The technology giant needs to fight for mobile market share. It needs to extend Windows to all sorts of devices. But none of it will happen without culture change.

Microsoft must change.

Microsoft should focus on its core—and Xbox isn’t it.

Microsoft has to differentiate itself in the marketplace, and productivity is the way to do it.

Microsoft could really do a better job marketing itself.

Microsoft ought to find a way to make Windows as identifiable with wearable technology as it is with the personal computer.

Microsoft needs to be mobile.

Satya Nadella, the chief executive of the Redmond, Wash.-based company, took to the stage here at the Fortune Brainstorm Tech conference to reiterate the strategy that he outlined in a memo sent to his 127,104 employees last week and otherwise show that he had control of a company that has been criticized as clumsy and directionless. Read the rest of this entry »


Worries That Microsoft Is Growing Too Tricky to Manage

10. September 2013

Date: 09-09-2013
Source: The New York Times

Microsoft MissionSEATTLE — At a time when many people in business believe the number of products at Microsoft should be getting smaller, it is about to become a lot bigger.

Microsoft’s $7.2 billion acquisition of Nokia’s handset and services operations, when the deal closes early next year, will increase the company’s head count by 30 percent and add a big, new hardware unit to a dizzying variety of businesses — an unusual situation in an industry where focus is often prized more than breadth.

It’s a concern to everyone from academics to Microsoft alumni. A list of missed opportunities and disappointing investments at the company in the past decade in areas like smartphones, tablets and Internet search have led to the belief that a more focused, nimble collection of mini-Microsofts could respond more effectively to the never-ending flow of disruptive technologies nibbling at its foundations.

“It is very hard to be a broad-based tech conglomerate,” said David Yoffie, a professor at the Harvard Business School.

Thirteen years ago, Microsoft’s competitors and a federal judge demanded that Microsoft be split up because of its market power. But trying to do too much rather than wielding too much power is the issue now. Read the rest of this entry »


Next CEO’s Biggest Job: Fixing Microsoft’s Culture

26. August 2013

Date: 26-08-2013
Source: The Wall Street Journal

At Software Giant, Taking the Safe, Profitable Route Often Wins Out Over Innovation

Months before Apple Inc. unveiled its iPad in January 2010, the tech world was buzzing about mockups of a tablet computer from Microsoft Corp. Created by an inventor of the company’s Xbox videogame machine, the Courier folded like a book and let users sketch and jot ideas on a touchscreen.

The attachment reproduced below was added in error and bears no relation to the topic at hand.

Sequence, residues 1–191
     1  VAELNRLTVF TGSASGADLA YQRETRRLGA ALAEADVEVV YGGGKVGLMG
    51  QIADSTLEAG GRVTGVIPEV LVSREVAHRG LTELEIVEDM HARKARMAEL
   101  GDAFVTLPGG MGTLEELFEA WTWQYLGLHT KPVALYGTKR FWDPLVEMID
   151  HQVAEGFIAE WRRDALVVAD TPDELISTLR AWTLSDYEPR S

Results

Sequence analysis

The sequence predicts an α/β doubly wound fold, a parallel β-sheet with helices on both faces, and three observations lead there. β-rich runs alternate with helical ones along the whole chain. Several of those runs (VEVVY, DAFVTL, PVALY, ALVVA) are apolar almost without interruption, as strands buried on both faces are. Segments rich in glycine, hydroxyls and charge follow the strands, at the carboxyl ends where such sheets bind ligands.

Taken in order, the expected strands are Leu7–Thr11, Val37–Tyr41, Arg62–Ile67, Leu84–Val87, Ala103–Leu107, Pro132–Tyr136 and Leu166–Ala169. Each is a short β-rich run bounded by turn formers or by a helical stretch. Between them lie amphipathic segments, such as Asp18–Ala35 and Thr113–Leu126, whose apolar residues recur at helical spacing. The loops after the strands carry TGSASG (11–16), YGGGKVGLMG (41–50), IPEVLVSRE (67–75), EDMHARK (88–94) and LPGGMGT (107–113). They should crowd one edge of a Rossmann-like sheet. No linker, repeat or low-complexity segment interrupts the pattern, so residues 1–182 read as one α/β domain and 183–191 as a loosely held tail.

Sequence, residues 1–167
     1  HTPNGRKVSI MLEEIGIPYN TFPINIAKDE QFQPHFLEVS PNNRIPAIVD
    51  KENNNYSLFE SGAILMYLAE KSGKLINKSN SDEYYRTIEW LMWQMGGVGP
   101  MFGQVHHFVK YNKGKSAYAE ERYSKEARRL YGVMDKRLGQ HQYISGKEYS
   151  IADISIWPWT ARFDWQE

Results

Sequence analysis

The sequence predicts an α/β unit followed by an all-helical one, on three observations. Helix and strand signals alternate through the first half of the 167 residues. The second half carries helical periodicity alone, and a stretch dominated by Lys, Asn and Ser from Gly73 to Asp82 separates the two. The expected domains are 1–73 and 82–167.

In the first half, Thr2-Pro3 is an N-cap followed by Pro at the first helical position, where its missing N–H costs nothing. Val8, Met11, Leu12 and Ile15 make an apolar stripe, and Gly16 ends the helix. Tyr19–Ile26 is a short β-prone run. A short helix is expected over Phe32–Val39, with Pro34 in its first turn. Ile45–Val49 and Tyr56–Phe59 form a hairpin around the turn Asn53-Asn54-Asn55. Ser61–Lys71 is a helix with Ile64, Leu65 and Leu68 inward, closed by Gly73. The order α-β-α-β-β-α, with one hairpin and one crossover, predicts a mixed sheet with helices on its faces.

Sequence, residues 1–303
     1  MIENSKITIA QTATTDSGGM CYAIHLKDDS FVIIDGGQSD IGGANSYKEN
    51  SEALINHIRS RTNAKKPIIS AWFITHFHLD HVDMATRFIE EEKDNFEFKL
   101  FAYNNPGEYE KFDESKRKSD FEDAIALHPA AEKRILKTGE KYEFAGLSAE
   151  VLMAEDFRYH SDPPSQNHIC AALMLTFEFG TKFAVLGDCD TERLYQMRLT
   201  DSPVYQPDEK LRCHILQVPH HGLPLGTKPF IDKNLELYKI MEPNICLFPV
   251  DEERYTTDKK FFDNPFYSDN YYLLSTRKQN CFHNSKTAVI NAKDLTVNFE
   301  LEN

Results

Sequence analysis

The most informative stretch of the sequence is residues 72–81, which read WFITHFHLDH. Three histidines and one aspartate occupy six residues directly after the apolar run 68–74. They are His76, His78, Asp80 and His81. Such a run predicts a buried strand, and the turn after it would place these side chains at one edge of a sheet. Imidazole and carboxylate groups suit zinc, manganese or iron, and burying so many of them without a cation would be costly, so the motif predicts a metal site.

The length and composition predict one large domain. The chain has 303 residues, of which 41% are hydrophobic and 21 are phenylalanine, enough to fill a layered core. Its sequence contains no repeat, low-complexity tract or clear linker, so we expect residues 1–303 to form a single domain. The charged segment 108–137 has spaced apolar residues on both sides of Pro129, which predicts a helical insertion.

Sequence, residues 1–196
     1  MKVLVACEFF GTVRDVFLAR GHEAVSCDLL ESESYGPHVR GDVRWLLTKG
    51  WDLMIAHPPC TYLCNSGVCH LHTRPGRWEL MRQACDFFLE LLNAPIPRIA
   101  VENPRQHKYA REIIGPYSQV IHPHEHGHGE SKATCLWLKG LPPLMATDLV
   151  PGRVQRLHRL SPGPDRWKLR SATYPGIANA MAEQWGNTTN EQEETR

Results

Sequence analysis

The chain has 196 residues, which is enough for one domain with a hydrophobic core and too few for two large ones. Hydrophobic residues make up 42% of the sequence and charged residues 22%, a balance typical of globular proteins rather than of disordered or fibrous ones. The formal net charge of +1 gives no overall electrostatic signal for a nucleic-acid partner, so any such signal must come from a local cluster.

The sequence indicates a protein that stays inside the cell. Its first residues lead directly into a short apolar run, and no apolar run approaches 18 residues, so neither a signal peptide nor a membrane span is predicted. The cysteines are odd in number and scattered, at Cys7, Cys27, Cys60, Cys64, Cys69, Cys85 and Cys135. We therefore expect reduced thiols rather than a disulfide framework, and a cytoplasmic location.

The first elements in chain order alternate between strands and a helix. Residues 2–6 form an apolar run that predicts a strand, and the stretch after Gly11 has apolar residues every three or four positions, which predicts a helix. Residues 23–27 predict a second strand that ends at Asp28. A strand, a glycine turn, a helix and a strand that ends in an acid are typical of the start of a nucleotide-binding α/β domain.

That spring, Microsoft Chief Executive Steve Ballmer told employees at Courier’s Seattle laboratory that he was pulling the plug on the device.

Mr. Ballmer said he was redirecting resources to the next version of the company’s Windows operating system, which was more than two years away, according to Georg Petschnigg and other former employees of the lab.

Microsoft MisfiresWhoever succeeds Mr. Ballmer at Microsoft will face the challenge of rebooting its corporate culture, in which charting the safe but profitable course—at least for the short term—too often wins out over innovation, say current and former Microsoft employees and other industry executives.

Under Bill Gates and then Mr. Ballmer, who announced his retirement last week, Microsoft honed franchises like Office and Windows to become a financial powerhouse.

The ingredients for success also made Microsoft a graveyard for the kind of big ideas that have inspired companies like Apple, Google Inc. and Amazon.com Inc. to create new areas of computing.

“If that is the game you’re going to try to play, you’re going to lose,” Mr. Petschnigg said.

So ingrained is Microsoft’s culture of protecting entrenched interests that swinging for the fences is sometimes punished, and so people stopped trying, say current and former employees and outsiders. They say that an outsider CEO may be the best choice to welcome back technologists who think outside the box.

“It is most likely, if not essential,” says management psychologist Thomas Saporito. Read the rest of this entry »